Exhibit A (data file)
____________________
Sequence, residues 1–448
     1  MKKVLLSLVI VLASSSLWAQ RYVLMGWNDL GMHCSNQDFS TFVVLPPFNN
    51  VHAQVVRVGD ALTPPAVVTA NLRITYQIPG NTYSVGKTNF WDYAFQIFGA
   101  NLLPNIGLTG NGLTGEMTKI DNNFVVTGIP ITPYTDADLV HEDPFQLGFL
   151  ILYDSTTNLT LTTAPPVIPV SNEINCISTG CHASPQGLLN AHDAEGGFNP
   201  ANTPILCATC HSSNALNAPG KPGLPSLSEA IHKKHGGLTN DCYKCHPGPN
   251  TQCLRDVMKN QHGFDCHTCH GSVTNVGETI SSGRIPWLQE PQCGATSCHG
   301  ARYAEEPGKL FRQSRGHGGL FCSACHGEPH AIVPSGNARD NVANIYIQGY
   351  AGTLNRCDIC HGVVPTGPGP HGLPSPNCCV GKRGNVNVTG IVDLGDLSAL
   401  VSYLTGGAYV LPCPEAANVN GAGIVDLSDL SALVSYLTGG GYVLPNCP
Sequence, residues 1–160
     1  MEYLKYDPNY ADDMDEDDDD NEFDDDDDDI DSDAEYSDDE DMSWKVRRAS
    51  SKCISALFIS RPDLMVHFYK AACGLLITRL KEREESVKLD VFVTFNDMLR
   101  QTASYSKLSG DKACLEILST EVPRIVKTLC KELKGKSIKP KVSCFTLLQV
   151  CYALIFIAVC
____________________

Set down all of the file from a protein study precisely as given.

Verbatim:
Sequence, residues 1–448
     1  MKKVLLSLVI VLASSSLWAQ RYVLMGWNDL GMHCSNQDFS TFVVLPPFNN
    51  VHAQVVRVGD ALTPPAVVTA NLRITYQIPG NTYSVGKTNF WDYAFQIFGA
   101  NLLPNIGLTG NGLTGEMTKI DNNFVVTGIP ITPYTDADLV HEDPFQLGFL
   151  ILYDSTTNLT LTTAPPVIPV SNEINCISTG CHASPQGLLN AHDAEGGFNP
   201  ANTPILCATC HSSNALNAPG KPGLPSLSEA IHKKHGGLTN DCYKCHPGPN
   251  TQCLRDVMKN QHGFDCHTCH GSVTNVGETI SSGRIPWLQE PQCGATSCHG
   301  ARYAEEPGKL FRQSRGHGGL FCSACHGEPH AIVPSGNARD NVANIYIQGY
   351  AGTLNRCDIC HGVVPTGPGP HGLPSPNCCV GKRGNVNVTG IVDLGDLSAL
   401  VSYLTGGAYV LPCPEAANVN GAGIVDLSDL SALVSYLTGG GYVLPNCP
Sequence, residues 1–160
     1  MEYLKYDPNY ADDMDEDDDD NEFDDDDDDI DSDAEYSDDE DMSWKVRRAS
    51  SKCISALFIS RPDLMVHFYK AACGLLITRL KEREESVKLD VFVTFNDMLR
   101  QTASYSKLSG DKACLEILST EVPRIVKTLC KELKGKSIKP KVSCFTLLQV
   151  CYALIFIAVC